That is why there is an internet--gente with like interests would never otherwise connect, never get the chance to make something like La Bloga. 

Órale, Rudy and Manuel, look at that. We're fifteen, and ten strong:
Monday: Daniel Olivas. 
Tuesday: Michael Sedano.
Wednesday: Rene Colato Laínez. 
Thursday: Ernest Hogan. Daniel Cano.
Friday: Manuel Ramos. Melinda Palacio.
Saturday: Rudy García is retired for now.
Sunday: Olga García. Amelia Montes.

Almost four and a half million visits in this time. Thank you, gente. 

 November 25, 2019
La Bloga welcomes Guest Columnists, and encourages writers to join us as a La Bloga weekly or bi-weekly columnist. Saturday is open.

To email us with inquiries about a Guest slot, or taking on a deadline, clicking the mugshots at the top of the page opens your email program.

You say it's your birthday? Happy birthday to you, too.

Monday, November 25, 2019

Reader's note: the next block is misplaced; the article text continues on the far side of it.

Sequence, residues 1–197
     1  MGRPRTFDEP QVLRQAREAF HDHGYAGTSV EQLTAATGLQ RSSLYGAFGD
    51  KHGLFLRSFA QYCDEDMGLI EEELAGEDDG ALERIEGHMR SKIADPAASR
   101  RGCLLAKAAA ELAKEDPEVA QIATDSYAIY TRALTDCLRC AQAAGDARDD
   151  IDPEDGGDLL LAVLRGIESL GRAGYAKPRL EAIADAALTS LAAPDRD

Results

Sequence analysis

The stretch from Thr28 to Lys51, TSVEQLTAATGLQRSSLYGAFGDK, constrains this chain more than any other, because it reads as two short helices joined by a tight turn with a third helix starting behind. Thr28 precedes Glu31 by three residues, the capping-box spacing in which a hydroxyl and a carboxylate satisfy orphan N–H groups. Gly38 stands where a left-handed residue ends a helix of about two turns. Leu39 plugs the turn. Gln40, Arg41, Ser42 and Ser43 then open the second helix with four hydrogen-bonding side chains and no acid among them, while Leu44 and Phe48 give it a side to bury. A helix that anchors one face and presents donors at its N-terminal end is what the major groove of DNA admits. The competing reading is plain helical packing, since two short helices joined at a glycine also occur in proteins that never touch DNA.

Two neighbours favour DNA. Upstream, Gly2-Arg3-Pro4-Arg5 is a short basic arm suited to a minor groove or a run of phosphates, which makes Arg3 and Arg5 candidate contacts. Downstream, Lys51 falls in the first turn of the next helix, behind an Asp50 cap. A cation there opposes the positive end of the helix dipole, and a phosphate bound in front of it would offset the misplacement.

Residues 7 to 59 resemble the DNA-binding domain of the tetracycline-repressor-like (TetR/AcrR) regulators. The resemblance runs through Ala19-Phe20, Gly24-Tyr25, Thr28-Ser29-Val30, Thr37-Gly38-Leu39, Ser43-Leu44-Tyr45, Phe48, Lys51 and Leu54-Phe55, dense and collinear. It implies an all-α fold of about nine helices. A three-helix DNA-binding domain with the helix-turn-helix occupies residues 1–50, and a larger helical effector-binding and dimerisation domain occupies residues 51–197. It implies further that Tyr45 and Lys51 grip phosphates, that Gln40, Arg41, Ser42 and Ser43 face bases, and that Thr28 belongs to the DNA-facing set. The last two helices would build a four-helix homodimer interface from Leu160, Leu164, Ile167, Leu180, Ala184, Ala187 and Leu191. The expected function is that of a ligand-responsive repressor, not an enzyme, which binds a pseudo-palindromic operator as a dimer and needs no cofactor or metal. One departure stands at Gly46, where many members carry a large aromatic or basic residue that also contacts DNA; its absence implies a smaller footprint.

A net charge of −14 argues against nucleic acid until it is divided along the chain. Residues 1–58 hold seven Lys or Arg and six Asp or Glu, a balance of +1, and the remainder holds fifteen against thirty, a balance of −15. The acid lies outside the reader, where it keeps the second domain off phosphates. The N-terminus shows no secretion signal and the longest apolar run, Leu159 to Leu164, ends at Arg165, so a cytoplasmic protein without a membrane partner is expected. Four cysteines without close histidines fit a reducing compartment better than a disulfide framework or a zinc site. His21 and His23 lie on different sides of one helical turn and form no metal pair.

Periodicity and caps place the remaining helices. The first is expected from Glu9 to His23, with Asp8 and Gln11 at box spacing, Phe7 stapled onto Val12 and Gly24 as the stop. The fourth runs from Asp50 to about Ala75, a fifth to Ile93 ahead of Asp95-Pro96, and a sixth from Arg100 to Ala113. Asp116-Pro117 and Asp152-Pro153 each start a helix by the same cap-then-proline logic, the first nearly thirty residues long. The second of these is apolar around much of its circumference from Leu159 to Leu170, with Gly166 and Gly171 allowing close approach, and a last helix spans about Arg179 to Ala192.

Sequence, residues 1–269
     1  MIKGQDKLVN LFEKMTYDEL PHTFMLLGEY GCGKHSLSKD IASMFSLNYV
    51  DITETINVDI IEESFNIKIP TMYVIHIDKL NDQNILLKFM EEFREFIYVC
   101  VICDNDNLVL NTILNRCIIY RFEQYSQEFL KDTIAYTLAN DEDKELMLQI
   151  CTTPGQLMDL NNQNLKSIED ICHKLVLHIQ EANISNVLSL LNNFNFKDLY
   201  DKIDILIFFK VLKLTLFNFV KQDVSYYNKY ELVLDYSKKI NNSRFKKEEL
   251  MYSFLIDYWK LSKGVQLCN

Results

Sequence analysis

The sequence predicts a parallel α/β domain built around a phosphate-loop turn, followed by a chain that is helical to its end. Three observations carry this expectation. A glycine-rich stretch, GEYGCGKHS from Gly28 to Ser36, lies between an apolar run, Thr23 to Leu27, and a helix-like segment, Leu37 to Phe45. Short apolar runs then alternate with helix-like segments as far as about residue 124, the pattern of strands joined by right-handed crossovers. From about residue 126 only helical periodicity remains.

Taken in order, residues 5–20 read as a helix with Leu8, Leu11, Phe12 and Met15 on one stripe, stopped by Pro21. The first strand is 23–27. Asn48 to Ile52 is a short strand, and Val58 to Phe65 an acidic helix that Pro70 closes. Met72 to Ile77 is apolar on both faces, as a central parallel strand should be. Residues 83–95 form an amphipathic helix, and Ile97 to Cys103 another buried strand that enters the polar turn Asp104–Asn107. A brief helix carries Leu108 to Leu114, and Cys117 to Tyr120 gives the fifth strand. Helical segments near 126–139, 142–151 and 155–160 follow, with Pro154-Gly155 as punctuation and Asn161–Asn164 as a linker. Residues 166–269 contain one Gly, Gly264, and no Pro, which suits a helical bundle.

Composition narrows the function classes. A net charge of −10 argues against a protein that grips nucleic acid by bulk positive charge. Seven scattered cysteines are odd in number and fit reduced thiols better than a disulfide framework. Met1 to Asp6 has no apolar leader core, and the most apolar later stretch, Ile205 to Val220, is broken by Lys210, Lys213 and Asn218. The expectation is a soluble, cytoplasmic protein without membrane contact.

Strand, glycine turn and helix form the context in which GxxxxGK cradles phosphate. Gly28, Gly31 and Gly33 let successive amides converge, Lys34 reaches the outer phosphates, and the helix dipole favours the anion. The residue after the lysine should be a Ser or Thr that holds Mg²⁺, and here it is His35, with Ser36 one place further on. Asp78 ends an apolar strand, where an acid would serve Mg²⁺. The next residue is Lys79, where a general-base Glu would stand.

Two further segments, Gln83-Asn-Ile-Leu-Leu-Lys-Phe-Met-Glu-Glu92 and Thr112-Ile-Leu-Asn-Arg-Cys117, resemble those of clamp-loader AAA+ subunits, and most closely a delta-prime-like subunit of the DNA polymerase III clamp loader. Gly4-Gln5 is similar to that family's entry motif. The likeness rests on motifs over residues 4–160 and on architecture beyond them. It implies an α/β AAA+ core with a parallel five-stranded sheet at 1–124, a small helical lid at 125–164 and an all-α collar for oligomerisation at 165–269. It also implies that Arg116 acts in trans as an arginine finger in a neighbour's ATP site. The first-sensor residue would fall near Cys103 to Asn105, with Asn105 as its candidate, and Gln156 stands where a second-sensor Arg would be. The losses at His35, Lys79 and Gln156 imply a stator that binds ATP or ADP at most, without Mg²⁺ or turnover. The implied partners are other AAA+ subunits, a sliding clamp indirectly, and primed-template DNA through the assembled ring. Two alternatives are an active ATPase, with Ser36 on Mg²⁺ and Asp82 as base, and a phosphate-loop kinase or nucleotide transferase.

Interview of Mercy Tullis-Bukhari by Xánath Caraza

Who is Mercy Tullis-Bukhari?

I am a poet, essayist, and fiction writer who is Bronx-bred Afro-Latinx, Honduran and Garifuna, of Jamaican descent. I am also a Callaloo Fellow, and obtained my MFA (my second Master's) in Creative Writing from The College of New Rochelle. I was named one of the “8 Authors Bringing Afro-Latina Stories to the Forefront” by Remezcla magazine and I was a Pushcart Prize nominee in 2016 for my essay "Black Dolls for Everyone." I am an English Language Arts high school teacher in the Southeast Section of The Bronx. Currently I am completing my first novel, having my third book of poetry edited, while living in New Rochelle, NY with my two children. 

As a child, who guided you through your first readings?